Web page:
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I found very helpful tutorial regarding EM algorithm.

The example and the picture from the tutorial is simply brilliant.

enter image description here

Related question about calculating probabilities how does expectation maximization work?

I have another question regarding how to connect the theory described in tutorial to the example.

During the E-step, EM chooses a function $g_t$ that lower bounds $\log P(x;\Theta)$ everywhere, and for which $g_t( \hat{\Theta}^{(t)}) = \log P(x; \hat{\Theta}^{(t)})$.

So what the $g_t$ in our example, and it looks like it should be different for every iteration.

In addition, in example $\hat{\Theta}_A^{(0)} = 0.6$ and $\hat{\Theta}_B^{(0)} = 0.5$ then applying them to the data we get that $\hat{\Theta}_A^{(1)} = 0.71$ and $\hat{\Theta}_B^{(1)} = 0.58$. Which is for me looks counter intuitive. We had some prior assumptions, applied it to the data and get new assumptions, so the data somehow changed the assumptions. I don't understand why $\hat{\Theta}^{(0)}$ doesn't equal to $\hat{\Theta}^{(1)}$.

In addition, more questions emerge when you see Supplementary Note 1 to this tutorial. For example what is $Q(z)$ in our case. It's not clear to me why the inequality is tight when $Q(z)=P(z|x;\Theta)$

Thank you.

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I found these notes very helpful in figuring out what was going on in the supplemental material.

I'll answer these questions a bit out of order for continuity.


First: why is it that

$\theta^{(0)} \ne \theta^{(1)}$

The reason is that the our function $g_0$ is chosen such that it is guaranteed to be less than or equal to $\log(P(x;\theta))$, with the 2 being incident at the point of our initial guess $\theta^{(0)}$. If our prior assumptions were perfect initial guesses then you would be correct and $\theta^{(1)}$ would be unchanged. But we can find higher values in the created function $g_0$, so our next iteration of the parameter for $\theta$ is guaranteed to be more likely than our original.


Second: why is the inequality tight when

$$ Q(z) = P(z|x;\theta) $$

There is a hint in the footnotes about this where it says,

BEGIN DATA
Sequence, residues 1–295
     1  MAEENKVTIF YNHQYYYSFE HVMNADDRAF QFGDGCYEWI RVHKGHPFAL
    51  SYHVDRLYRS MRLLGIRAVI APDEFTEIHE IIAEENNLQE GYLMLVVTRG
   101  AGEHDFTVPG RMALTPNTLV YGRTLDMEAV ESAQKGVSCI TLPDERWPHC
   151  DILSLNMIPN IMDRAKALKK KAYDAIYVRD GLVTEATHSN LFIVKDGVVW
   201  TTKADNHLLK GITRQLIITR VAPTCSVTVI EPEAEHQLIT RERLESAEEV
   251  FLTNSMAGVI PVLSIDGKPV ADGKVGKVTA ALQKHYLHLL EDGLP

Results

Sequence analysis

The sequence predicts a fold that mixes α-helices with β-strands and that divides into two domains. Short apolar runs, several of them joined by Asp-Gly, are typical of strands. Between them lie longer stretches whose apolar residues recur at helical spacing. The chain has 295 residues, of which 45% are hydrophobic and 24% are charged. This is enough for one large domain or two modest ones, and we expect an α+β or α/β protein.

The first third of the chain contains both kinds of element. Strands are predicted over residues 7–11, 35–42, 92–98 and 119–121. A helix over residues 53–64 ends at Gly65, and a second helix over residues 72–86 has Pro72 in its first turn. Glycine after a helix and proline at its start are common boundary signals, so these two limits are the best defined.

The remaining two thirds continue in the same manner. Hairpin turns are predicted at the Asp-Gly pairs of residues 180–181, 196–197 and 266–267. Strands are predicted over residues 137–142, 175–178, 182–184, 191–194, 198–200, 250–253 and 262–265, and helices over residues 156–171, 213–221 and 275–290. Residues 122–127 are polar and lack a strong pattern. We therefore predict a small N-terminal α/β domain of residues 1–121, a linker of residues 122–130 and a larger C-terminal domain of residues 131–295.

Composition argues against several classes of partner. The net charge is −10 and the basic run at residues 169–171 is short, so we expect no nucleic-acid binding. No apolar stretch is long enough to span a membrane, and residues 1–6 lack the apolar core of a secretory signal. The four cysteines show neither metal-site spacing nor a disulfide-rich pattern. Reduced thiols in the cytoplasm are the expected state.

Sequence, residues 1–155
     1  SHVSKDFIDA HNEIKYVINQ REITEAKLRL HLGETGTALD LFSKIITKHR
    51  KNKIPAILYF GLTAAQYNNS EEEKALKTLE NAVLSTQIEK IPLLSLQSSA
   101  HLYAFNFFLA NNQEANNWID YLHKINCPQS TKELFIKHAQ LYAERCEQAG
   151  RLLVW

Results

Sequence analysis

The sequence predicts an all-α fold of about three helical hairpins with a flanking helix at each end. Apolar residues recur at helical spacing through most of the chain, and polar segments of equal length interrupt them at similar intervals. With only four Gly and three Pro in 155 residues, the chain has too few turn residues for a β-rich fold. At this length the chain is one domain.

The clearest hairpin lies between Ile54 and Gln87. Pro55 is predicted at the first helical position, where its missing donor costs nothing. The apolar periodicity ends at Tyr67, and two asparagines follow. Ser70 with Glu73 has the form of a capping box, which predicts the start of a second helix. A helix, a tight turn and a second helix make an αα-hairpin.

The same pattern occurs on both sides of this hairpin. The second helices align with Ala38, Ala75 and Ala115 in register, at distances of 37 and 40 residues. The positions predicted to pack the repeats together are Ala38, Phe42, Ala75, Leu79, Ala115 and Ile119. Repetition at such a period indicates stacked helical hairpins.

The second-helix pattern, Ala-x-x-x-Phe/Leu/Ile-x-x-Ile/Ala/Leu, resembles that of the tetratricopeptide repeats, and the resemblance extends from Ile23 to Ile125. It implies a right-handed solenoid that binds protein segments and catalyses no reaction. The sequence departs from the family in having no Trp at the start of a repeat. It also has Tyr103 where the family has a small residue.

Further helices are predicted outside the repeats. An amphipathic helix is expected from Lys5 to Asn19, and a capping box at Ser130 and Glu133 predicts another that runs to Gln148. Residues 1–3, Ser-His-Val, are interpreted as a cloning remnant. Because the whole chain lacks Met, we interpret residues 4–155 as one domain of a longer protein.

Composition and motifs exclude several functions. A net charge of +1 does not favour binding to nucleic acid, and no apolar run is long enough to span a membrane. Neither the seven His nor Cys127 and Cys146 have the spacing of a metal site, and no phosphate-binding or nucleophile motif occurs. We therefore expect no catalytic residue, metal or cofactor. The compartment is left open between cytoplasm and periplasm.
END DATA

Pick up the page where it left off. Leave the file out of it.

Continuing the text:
equality holds if and only if the random variable is constant with probability 1 (i.e., $y=E[y]$)

implying that our choice of $Q$ makes $\frac{P(x, z; \theta)}{Q(z)}$ constant. To see this, consider that:

$$ P(x, z ; \theta) = P(z | x; \theta) P(x; \theta) $$

which makes our fraction

$$ \frac{P(z | x; \theta) P(x; \theta)}{P(z|x;\theta)} = P(x; \theta)$$

So what is $P(x; \theta)$ and is it constant? Well, consider that we are calculating the sums over $z$ for which this term is independent (constant). Let's represent it as $C$ and that equation becomes:

$$ \log{\big( \sum_z{Q(z)C} \big)} \ge \sum_z{Q(z)\log(C)} $$

from here we can see pretty quickly that the 2 sides are equal, as the expectation of a constant will be that constant no matter the weights (the $Q(z)$)


Lastly: what is $g_t$

The answer given in the notes I linked is slightly different from the one in the supplementary notes, but they differ only by a constant and we are maximizing it so it is not of consequence. The one in the notes (with derivation) is:

$$ g_t(\theta) = \log(P(x|\theta^{(t)})) + \sum_z{P(z|x;\theta^{(t)})\log{\big( \frac{P(x|z;\theta)P(z|\theta)}{P(z|x;\theta^{(t)})P(x|\theta^{(t)})} \big)}} $$

This complex formula isn't talked about at length in the supplementary notes, probably because a lot of these terms will be constants that get thrown away when we maximize. If you are interested in how we arrive here in the first place, I recommend those notes I linked.

Using a similar argument to the one made in the answer to the second question, the term in the log is equal to 1 for $g_t(\theta^{(t)})$ so the sum term goes away and $g_t(\theta^{(t)}) = \log P(x|\theta^{(t)})$ as expected.

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